Preliminary tests on the baby were all normal and on Thursday morning, her third day of life, all that remained was for her to be checked out by a paediatrician before she could go home. The paediatric houseman came, examined the baby and then said that he wanted a more senior colleague to come and check his findings. My daughter was slightly unsettled by this, but remembered that it was a teaching hospital. The registrar came, and after his examination called a more senior registrar. Now my daughter was really worried. The doctor listened carefully to my granddaughter’s heart and that was the moment all our lives changed. Like his juniors before him he could hear a heart murmur – a loud one. A heart murmur is a squirting noise caused by turbulent blood flow. It is not in itself sinister; even quite a prominent murmur may prove to be functionally insignificant, but my granddaughter’s murmur sounded very significant.

I should say at this point that I am a doctor; a professor at a London teaching hospital and I specialized in procedures involving the insertion of tubes(catheters) into arteries and veins to create, with special media, diagnostic images of the circulation, and to treat various conditions using micro-tools passed through the catheters. My granddaughter had been born in the obstetric unit of my own hospital so, as soon as the paediatrician had conveyed his grim news, I rang our professor of cardiology, a close friend. To my relief she was in the department and the family then sat in an agony of uncertainty as she examined the baby and reviewed the results of an ultrasound scan. Seeing the professor’s face as she came out to see me was simply the worst experience of my life.

‘I’m terribly sorry, David (my heart sank even further). She has an ostium primum defect – a big one, and severe mitral incompetence.’ My knees turned to jelly and I felt completely numb. This couldn’t be happening to me!
What the professor was telling me was that my granddaughter had a devastating problem. She had a leaking heart valve and a large hole in the middle of her heart. Despite all this she wasn’t blue and, at the risk of sounding somewhat technical, it may be worth a brief digression to explain this in a little more detail. We can think of the heart simplistically as being in two separate halves separated by an interior wall (septum). On the right side is ‘blue’ venous blood that has returned, depleted of oxygen from most of the body. This blood is pumped through the lungs where it becomes red and oxygenated, and returns to the left side of the heart from where it is pumped around the body. There are many different kinds of holes in the heart but they usually result in one of two main problems: either blue blood goes through a hole in the septum from right to left, bypasses the lungs and gets pumped straight back into the body (a ‘blue baby’) or, as in my granddaughter’s case, it goes from left to right and passes through the lungs twice. Why, one might ask, should this be a problem? Let us use a canteen as an explanatory model. Under normal circumstances customers (blood cells) arrive at the food counter (the heart and lungs) with blue trays. They receive food (oxygen) which makes the trays turn red and then go and sit down. Now imagine two very inefficient canteens: In one, analogous to a ‘blue baby,’ a queue of customers is directed to their seats before they have actually received any food. Their trays are still blue and they soon get very hungry. The problem is obvious. In the other canteen, the one analogous to my granddaughter, all the customers pick up their food (and their trays turn red) but half the customers leaving the checkout are re-directed to the back of the queue and go through the system again. They can’t fit any more food onto their trays but they cause enormous delays in the queue and, unless the checkout person works faster, fewer people get to the tables in a given time. In my granddaughter’s case this translated into her heart having to do twice as much work as normal to keep her circulation going.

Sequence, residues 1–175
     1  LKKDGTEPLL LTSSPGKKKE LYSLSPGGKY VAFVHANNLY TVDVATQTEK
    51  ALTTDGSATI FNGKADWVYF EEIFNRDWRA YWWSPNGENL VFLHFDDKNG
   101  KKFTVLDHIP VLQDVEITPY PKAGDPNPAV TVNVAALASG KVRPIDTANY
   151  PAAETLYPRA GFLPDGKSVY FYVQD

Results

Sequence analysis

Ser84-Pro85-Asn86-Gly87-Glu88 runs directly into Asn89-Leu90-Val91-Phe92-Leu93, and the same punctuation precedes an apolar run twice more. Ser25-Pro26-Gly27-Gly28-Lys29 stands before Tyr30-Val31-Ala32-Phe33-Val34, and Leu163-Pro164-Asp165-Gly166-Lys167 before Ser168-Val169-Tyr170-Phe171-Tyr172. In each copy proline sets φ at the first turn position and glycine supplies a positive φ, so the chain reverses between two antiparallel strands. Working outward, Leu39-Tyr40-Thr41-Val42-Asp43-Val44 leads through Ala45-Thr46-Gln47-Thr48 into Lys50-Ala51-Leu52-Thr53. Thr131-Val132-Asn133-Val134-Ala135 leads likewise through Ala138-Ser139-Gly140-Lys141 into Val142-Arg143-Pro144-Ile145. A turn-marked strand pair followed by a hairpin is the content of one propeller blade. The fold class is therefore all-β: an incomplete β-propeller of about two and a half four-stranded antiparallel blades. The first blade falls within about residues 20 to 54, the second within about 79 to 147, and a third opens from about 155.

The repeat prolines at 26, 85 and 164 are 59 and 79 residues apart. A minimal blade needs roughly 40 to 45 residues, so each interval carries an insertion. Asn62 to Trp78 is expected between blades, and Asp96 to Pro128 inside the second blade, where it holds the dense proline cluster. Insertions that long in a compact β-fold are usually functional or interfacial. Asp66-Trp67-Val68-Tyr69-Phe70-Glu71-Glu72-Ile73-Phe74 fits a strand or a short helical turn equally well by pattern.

My mind was in a complete turmoil at the professor’s words. Either our baby would die as her heart failed to cope, or she would require a massive operation – possibly several – with no certainty of a successful outcome. Then, the first glimmer of hope. The professor saw my distraught expression and read my mind.
‘You’re not into paediatric cardiology,’ she said, ‘and you’d be astonished at what’s happened in the field in the last decade. Things may not be as gloomy as you think.’ She had a reputation for straight talking and I knew she would not offer me any false reassurance.
‘What next?’ I asked.
‘We find the best person to fix it,’ was the simple reply. She then made several phone calls and finally referred my granddaughter to a specialist surgeon working in the midlands. When he saw the baby he thought it was possible to operate but said that we should wait until she was two. The chances of successfully repairing the hole in the heart and re-fashioning the leaking and deformed valve, only millimetres in size, would be enormously increased if my granddaughter were bigger.